Tampa involves educating parents and children together. A community
education program involves hands-on interaction between parents, local residents
and childrenwith children teaching the adults the firearm safety tips
they have learned in their classroom. At the end of this hands-on session
free gun locks are offered to each family in attendance. Saving lives from
senseless gun violence is the ultimate goal of this program. With the dedication
and commitment from local citizens and businesses coupled with the cooperation
of local law enforcement, Cease Fire is a program that can be replicated
throughout the country.
The following poem was written by Judeen Motyneaux,
a third grader at Dunbar Magnet School and a participant in Cease Fire
- A gun is no fun If you see a gun be sure
- Never touch a gun You may not see the sun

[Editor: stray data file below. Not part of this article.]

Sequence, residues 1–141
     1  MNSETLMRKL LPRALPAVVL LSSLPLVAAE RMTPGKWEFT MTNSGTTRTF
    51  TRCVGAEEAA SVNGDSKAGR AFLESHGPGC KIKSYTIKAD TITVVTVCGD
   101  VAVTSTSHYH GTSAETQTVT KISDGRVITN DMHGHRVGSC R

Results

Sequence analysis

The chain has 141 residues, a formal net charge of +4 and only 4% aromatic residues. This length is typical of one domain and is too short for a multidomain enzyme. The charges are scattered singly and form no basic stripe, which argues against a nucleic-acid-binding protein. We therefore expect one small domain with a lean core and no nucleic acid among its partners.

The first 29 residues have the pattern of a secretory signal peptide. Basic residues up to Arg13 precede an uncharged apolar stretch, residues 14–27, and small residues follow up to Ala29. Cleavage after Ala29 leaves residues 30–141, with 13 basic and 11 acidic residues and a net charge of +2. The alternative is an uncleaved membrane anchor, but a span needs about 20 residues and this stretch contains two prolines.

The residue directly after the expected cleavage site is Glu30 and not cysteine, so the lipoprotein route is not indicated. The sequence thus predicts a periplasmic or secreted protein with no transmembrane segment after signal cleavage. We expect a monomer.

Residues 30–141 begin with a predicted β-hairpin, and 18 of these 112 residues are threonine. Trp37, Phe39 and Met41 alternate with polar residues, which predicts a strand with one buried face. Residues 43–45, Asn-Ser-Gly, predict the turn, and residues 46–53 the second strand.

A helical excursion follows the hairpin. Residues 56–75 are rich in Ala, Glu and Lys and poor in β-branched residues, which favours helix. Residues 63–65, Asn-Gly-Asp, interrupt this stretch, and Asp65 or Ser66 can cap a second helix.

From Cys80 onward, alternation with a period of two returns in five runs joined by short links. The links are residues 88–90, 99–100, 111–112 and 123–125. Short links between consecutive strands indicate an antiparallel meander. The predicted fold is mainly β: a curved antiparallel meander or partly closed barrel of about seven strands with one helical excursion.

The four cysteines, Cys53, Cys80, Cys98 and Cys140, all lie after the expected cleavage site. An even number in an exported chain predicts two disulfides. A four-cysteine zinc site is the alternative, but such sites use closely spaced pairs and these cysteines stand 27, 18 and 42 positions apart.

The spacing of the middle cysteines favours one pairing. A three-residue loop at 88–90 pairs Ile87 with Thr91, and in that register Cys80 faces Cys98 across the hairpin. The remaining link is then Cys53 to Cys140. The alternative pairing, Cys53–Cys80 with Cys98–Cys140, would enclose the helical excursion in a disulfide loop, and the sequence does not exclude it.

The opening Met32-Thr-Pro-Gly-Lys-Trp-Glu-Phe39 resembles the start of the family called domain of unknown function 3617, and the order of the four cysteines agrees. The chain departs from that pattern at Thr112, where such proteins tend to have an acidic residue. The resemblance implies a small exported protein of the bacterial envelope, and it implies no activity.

- Tell a grown up They will pick it up
- Be cool and follow these rules A gun is
a crazy tool
Contact: William J. Kalbas, Phone: (813) 228-2026
Tracking Number: 484
Winning Category: Geographic and Program (Community Builder)
Best Practice: HOPE VI
HOPE VI - More Than Housing in Durkeeville
Jacksonville, Florida. Economic redevelopment is ultimately about partnerships.
Nowhere is this more evident than in the 1996 HOPE VI grant awarded to the
Jacksonville Housing Authority to restore Floridas oldest public housing
development, Durkeeville. Built in 1936, Durkeeville had deteriorated from
a vibrant place to live into a community unable to meet the daily needs
of its aging residents. Through changing economic times residents aged,
died or left the community, and businesses began to closechanging
the dynamics of the neighborhood.
The Jacksonville HOPE VI project and its partnerships
are intended to revitalize the Durkeeville community and create economic
development by building the areas first new shopping complex full
of minority owned businesses, a Shands Medical Clinic, creation of the Durkeeville
Historical Society, and rebuilding of the main thoroughfareMyrtle
Durkeevilles has a rich history. Baseball
great Hank Aaron played baseball in the J.P. Smalls Baseball Park located